EDITOR'S NOTE: Ayesha Al Khoori 's blog post has proven one of the most controversial ever, with numerous comments and tweets critical of her attitude to fast driving and driver safety. Of course, our blogs – unlike reported and edited stories – reflect the views of the reporters but not necessarily the policies or opinions of The National and its editors. For the past four years The National has led a road to safety campaign to highlight the issues with the UAE's dangerous roads and driving, championing tougher enforcement of speeding laws. While Ayesha's comments reflect the vantage point of young Emiratis to driving; many readers missed the fundamental point that fast cars and younger drivers are a terrible mixture. Like her progression as a journalist, her blog reflects the start of a journey into understanding the challenges in effecting change. Please keep your comments coming.
The Government is considering lowering the legal driving age so that under-18s can run family errands. Whether this is a step forward on the “Road to Safety” is hard to tell. My father always said “driving is a technique” and I agree. Age nor gender matter – it’s about knowing how to control yourself and your car.
Trusting young teenagers with the responsibility of driving may have a positive effect on some, but it will reinforce the bad behaviour of others.
I began driving long before I got my licence, as did many young people I know. If I could go back in time and drive legally as a teenager, I would go crazy and speed my way across every road and through every junction until my tank ran dry. Of course, others might react differently.
At 22, I have been driving legally for the past four years, which means in the eyes of some I'm a very experienced driver.
I still make mistakes, the proof of which is that I get more than five tickets a month (last year I accumulated Dh10,000, this year Dh3,000 and yes, I know that’s a lot), but I’m experienced in handling a car at speed.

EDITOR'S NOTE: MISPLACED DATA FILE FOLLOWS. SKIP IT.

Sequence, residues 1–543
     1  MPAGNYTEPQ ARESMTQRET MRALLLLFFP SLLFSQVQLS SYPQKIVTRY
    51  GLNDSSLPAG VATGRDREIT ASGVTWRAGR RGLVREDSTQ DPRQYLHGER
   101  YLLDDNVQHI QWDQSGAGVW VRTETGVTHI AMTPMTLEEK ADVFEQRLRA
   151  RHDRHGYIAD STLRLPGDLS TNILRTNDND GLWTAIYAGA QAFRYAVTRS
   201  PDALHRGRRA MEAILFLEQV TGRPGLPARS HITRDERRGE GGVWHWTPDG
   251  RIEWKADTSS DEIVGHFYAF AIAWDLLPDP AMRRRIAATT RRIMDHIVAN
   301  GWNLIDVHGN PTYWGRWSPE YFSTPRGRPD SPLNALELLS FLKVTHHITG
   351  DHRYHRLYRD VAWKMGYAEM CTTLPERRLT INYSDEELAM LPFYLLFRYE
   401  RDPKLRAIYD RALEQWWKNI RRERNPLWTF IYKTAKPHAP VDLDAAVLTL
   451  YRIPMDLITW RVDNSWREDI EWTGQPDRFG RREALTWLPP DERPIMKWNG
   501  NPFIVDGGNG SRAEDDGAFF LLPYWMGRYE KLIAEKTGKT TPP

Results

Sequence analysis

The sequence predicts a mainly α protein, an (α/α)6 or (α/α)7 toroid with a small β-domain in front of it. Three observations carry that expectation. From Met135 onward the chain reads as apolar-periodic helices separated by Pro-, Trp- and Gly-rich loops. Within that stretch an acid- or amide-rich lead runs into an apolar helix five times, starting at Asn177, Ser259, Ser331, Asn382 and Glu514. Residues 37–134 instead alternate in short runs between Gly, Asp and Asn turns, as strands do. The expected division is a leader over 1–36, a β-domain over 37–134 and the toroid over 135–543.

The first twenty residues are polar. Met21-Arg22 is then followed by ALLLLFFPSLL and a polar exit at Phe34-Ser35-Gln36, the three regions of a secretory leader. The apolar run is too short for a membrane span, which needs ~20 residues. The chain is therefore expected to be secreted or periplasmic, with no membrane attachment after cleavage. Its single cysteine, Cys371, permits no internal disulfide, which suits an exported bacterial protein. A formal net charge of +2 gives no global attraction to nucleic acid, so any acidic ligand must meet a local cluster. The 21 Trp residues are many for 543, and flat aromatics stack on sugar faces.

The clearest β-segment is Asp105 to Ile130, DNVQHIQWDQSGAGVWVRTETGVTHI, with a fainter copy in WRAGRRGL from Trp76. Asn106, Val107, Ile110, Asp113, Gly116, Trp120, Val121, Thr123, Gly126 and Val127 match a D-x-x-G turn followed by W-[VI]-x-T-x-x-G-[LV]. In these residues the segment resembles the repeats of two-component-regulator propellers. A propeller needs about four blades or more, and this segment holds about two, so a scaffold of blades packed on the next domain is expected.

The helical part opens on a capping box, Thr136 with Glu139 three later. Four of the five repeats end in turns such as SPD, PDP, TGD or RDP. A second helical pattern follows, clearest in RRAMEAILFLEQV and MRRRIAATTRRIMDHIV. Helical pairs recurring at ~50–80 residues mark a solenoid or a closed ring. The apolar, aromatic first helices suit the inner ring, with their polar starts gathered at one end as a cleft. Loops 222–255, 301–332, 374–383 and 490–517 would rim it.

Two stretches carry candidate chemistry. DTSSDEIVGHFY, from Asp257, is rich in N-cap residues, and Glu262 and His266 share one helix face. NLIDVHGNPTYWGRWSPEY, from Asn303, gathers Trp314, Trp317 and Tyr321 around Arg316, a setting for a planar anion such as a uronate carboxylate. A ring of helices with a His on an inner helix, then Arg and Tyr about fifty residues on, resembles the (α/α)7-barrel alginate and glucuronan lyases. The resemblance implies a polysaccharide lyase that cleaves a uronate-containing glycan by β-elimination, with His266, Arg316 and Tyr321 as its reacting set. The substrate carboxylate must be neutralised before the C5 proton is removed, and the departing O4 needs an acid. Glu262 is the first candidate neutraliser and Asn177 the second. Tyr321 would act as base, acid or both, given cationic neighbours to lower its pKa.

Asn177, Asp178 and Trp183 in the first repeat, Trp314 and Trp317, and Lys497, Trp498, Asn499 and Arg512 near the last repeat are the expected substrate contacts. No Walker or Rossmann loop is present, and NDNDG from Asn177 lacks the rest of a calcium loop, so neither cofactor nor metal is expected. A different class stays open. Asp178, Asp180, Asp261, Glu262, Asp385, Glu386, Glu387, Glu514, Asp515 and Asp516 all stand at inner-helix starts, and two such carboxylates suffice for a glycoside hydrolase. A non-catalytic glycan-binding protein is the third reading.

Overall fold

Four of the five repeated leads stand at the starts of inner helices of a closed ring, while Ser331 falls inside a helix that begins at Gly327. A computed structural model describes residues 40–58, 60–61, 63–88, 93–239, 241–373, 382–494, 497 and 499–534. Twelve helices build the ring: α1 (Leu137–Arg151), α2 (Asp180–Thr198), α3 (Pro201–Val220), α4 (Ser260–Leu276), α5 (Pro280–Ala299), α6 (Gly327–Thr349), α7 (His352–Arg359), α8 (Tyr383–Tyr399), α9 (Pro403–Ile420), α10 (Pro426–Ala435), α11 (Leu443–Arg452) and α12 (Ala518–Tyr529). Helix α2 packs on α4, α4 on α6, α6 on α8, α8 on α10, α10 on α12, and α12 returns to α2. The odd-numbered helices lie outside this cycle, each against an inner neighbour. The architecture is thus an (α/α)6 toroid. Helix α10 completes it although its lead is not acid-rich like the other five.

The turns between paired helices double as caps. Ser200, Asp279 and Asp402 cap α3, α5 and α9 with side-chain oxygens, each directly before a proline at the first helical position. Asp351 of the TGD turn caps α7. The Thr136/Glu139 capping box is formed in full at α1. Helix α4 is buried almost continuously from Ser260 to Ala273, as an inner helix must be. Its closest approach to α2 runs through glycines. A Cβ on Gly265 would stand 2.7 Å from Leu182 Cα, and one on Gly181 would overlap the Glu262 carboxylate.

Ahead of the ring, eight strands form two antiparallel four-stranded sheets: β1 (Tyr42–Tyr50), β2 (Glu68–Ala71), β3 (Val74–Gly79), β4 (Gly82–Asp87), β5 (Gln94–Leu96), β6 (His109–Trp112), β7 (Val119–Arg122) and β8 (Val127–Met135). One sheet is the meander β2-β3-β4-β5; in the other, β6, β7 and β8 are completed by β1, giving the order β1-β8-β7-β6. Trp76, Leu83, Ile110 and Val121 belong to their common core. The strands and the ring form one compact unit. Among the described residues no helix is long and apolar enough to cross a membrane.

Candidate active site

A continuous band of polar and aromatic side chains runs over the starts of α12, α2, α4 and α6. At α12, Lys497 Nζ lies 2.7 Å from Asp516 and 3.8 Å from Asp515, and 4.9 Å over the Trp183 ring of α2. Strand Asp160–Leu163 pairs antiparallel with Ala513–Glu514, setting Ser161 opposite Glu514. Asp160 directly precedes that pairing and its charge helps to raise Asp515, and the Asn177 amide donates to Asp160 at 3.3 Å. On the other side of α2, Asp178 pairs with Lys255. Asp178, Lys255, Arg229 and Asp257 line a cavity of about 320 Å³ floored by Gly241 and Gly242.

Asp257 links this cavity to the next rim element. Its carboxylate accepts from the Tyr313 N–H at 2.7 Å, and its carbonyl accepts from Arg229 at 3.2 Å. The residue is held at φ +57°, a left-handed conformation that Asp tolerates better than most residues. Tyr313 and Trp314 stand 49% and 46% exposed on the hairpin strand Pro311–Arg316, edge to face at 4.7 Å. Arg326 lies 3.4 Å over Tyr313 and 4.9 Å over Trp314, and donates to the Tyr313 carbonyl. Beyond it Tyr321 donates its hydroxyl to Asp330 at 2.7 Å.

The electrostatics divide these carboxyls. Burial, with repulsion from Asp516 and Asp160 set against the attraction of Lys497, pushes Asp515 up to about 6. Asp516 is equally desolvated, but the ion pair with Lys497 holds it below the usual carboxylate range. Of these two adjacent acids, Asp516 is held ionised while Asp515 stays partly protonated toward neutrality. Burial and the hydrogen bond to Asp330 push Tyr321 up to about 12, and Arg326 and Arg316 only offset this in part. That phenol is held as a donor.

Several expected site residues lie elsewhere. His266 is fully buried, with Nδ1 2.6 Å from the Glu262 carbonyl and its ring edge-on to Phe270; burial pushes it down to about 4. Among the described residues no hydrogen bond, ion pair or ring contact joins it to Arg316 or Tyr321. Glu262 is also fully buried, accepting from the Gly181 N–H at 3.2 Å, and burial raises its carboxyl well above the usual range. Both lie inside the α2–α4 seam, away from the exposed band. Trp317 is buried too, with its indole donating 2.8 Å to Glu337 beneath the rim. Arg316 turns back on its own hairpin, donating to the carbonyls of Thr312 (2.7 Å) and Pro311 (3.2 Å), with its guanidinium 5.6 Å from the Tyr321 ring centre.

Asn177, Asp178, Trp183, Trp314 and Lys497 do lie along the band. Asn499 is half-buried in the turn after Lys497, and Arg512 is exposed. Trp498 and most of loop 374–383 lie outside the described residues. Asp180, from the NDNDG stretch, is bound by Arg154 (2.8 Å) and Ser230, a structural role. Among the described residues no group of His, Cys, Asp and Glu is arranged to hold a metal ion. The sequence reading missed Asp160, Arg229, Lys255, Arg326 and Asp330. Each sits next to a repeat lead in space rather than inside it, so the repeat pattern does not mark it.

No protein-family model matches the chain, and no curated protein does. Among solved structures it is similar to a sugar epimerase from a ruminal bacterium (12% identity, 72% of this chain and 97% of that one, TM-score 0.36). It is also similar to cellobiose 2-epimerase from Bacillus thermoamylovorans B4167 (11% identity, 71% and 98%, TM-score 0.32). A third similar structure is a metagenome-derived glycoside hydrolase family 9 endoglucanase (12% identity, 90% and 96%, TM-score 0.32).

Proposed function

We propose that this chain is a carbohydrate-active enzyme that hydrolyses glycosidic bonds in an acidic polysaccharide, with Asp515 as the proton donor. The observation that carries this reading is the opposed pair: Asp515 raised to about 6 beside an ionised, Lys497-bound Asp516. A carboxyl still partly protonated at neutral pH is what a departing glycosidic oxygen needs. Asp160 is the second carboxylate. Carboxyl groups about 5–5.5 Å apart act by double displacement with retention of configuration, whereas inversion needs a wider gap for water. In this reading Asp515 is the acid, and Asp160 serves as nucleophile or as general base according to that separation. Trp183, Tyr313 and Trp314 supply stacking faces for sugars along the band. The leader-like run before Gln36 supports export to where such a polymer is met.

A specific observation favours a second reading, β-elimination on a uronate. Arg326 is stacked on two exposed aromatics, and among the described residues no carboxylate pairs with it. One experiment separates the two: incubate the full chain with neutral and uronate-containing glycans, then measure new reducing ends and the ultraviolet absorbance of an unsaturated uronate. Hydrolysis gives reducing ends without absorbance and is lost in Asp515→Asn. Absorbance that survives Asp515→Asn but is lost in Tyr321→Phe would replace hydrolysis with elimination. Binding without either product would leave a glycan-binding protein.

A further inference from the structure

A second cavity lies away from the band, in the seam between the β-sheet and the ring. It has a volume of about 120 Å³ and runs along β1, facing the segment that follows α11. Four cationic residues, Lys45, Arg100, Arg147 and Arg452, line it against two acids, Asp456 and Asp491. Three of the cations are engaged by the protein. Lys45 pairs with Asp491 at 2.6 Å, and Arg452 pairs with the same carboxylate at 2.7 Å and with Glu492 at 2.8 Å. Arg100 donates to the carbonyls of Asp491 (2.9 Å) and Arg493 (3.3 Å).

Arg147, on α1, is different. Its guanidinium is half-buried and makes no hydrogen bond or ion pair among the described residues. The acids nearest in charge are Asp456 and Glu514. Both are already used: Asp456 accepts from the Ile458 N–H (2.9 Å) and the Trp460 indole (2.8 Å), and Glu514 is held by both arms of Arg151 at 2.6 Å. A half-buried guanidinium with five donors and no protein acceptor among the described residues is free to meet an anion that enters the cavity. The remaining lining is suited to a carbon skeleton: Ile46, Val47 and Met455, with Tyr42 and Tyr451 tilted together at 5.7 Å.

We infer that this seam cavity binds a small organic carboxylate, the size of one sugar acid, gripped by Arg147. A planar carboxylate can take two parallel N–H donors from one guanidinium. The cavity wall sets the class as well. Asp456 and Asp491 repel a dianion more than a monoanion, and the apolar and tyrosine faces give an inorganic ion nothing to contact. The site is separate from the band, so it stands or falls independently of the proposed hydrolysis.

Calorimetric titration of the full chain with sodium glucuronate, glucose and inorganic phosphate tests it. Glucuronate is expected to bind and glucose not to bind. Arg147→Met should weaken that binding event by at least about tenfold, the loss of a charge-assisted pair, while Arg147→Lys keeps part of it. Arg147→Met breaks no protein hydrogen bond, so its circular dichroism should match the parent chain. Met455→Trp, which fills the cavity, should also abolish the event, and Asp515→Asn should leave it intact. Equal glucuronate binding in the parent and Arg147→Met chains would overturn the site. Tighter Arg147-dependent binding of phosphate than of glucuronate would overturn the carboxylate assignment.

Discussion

When I got my first car, an old BMW, I would never exceed 80kph or 100kph and I would never drive after dark. Now, when I’m on the roads of Abu Dhabi, you could say I fly at all times! I try to not go over 160kph, but 180kph isn’t unheard of.
I drive fast because I love it. I feel liberated and excited; in a boring life the thrill of fast driving provides the drama I need to keep me going.
My nieces and nephews think I’m a great driver, and ask me to go as fast as I can. I am always in control though. I would never want to hurt them, so I must be careful and responsible even when I’m speeding.
It took me time to be confident enough to drive at the speeds I do, but is that the case for every other driver in Abu Dhabi? Perhaps some people have nurtured their speeding habits less cautiously than I have. Are some learners too quick to speed?
Contrary to what people might think, speeding isn’t the biggest cause of road accidents. In fact, it’s the opposite – slow drivers and overzealous brakers are to blame.
Cars on the highway should travel at a speed of between 80 to 120kph, yet what I saw during a year of driving along Musaffah Road to get to my university, was that some cars would be driving under the limit – sometimes as slowly as 50kph. Which is not only unsafe and ridiculous, it’s frustrating for the rest of us.
Some drivers hit the brakes over any little thing, whether there’s a dead cat in the road, they’re lost in the middle of nowhere, or simply because they’re unaware of their surroundings.
One of the major accidents I was involved in was when I was driving on Al Khaleej Al Arabi, doing a little more than 110kph, when the car in front of me stopped suddenly, causing me to crash into it and ruin my lovely new car’s bumper.
When the police arrived, I was blamed, even though the crash was clearly not my fault. Unbelievable!
This was just one of many ridiculous accidents I’ve seen in the past few years, a number of which I’ve been involved in.
I can’t help but think that many so-called “accidents” could be avoided if it weren’t for parents spoiling their children by giving them cars such as Lamborghinis and Ferraris as soon as they pass their test. What are the parents thinking?
Giving a teenager who just passed his test a flash car capable of 300kph is almost bound to result in an “accident”.
I love fast cars, yet when I see young men driving Ferraris and Lamborghinis I know they will not be able to handle the engine. This problem will only get worse if licences are extended to those who are under 18.
It may be the case that when it comes to teenage driving, it’s a case of going too fast, too young.